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Abstract Revision

Research Study Article

The research study article selected for the assignment named, “Urinary Incontinence and Diabetes in Postmenopausal Women” (Jackson, Scholes, Boyko, Abraham, & Fihn, 2005). The original article with the abstract is attached herewith.

Assessment of the Abstract

            The author did not follow most of the APA standards related to the abstract. For example, the writer divided the abstract into multiple subsections, which APA standards do not support. Misuse of passive voices is obvious. The writer, however, did format the reference list complying with the APA standards. In the objective section, the author clearly stated the problem addressed. However, no central purpose of the study is listed. The author includes information about the sample and population including their demographics in the research design and methodology section. The key results are summarized informatively and analytically to enable the reader to extract the outcome of the study at the first reading. From the text of the abstract, it is clearly understandable that the article reports a research study conducted on a particular sample population to ensure the existence of urinary incontinence and diabetes in postmenopausal women. The total word count of the abstract is limited to one-page length but in multiple paragraphs.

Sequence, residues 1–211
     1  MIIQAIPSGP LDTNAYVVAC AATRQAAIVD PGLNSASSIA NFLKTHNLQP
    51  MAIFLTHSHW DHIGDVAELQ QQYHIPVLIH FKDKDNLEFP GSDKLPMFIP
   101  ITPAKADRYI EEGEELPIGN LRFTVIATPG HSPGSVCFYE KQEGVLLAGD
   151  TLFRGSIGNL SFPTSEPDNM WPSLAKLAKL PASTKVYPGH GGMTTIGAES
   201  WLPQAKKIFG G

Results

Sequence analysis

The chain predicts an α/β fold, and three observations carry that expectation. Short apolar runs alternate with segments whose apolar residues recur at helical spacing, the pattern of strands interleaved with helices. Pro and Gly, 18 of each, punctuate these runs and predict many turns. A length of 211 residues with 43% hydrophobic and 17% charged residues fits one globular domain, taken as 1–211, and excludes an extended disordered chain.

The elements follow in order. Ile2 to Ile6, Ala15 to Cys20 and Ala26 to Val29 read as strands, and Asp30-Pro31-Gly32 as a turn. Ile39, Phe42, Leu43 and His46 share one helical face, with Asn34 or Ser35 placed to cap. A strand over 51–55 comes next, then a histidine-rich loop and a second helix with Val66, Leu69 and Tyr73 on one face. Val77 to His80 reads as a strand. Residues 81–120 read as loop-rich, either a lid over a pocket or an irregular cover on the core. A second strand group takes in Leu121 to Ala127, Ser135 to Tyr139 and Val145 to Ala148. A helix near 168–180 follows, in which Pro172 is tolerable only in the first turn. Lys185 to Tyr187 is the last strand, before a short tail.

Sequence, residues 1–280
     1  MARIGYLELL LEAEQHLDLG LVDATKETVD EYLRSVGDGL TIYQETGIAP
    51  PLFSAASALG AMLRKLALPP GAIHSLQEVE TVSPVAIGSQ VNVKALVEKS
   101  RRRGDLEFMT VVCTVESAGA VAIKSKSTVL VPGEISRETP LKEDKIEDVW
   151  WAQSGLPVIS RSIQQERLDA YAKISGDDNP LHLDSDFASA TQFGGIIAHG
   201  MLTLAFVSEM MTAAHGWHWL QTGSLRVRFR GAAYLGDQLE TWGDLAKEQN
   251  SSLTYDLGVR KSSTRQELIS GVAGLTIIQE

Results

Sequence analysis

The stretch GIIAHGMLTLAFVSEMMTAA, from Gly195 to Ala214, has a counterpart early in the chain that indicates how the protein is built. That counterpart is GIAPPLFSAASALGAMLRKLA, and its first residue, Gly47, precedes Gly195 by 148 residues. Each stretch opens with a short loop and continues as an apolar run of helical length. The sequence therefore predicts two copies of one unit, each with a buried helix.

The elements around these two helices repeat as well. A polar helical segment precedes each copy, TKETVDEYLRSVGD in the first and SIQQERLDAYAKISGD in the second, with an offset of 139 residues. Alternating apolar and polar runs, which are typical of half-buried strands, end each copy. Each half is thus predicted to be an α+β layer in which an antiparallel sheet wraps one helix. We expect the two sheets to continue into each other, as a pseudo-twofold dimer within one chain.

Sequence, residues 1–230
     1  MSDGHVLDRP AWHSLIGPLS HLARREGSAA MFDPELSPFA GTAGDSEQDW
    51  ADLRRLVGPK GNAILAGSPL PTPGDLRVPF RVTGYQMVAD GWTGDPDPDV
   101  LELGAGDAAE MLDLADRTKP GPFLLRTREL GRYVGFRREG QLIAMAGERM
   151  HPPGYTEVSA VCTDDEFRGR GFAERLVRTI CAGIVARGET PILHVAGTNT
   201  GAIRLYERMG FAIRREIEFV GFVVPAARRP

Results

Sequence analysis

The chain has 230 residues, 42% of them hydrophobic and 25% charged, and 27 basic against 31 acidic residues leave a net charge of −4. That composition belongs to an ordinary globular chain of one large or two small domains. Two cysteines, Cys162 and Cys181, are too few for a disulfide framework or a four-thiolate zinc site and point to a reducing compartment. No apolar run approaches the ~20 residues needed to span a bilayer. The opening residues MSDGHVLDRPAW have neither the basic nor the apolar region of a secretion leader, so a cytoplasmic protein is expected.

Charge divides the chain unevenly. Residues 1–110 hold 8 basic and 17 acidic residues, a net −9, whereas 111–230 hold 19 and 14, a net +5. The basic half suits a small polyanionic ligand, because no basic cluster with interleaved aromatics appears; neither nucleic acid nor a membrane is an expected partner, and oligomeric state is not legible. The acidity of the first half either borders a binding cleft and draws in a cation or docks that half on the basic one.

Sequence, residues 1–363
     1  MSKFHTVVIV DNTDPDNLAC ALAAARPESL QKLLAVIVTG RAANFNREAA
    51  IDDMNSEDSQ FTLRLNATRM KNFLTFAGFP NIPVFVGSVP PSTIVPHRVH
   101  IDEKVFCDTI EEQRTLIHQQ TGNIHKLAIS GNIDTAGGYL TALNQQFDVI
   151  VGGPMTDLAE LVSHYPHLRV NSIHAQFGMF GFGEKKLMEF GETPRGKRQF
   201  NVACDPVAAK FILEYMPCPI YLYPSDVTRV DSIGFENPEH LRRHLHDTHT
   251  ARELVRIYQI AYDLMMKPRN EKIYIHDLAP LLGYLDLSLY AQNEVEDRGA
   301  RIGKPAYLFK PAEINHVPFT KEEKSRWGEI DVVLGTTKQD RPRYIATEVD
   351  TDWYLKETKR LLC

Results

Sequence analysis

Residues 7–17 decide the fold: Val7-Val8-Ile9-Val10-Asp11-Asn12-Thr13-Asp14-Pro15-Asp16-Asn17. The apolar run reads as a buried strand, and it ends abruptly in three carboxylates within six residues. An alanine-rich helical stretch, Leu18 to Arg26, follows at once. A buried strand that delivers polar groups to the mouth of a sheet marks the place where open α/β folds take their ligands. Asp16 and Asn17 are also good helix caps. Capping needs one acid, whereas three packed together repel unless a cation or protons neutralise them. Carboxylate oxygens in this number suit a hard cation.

Abstract Rewritten Following APA Standards

            A revised abstract following all standards of APA:


The study aims to find the characteristics of diabetes and other health risks associated with the postmenopausal urinary incontinence among women who dwell in the community. The central purpose of the study is to identify the risk factors associated with the development of urinary incontinence accompanied by diabetes and its severity among community-dwelling people. The research designs and conducts a cross-sectional analysis on 1,017 postmenopausal women, 218 of which have diabetes. The age of the sample population varies between 55 and 75 years. Outcomes include any irregularities in the month before the study. The result of the study exhibits a 60% overall urinary incontinence with 8% severe incontinence in women in the prior month. The study did not include factors like postvoid bladder residual volume or parity but vaginal and oral estrogens, which get positive linkage with the incontinence. Both incontinence and severe incontinence incorporate the history of urinary tract infection (UTI) as well as a general health condition. Women with diabetes report severe incontinence associated with uncontrolled urination, being unable to empty the bladder completely and unconcerned or discomfort leakage (p ≤ 0.06). A multiple regression model, adjusted for education, age, and history of UTI shows a significant relationship (P = 0.01–0.06) between diabetes duration, neuropathy, retinopathy, treatment type and severe incontinence. The strength of the relationship diminishes (P = 0.17–0.52) with the adjustment of BMI in the model.

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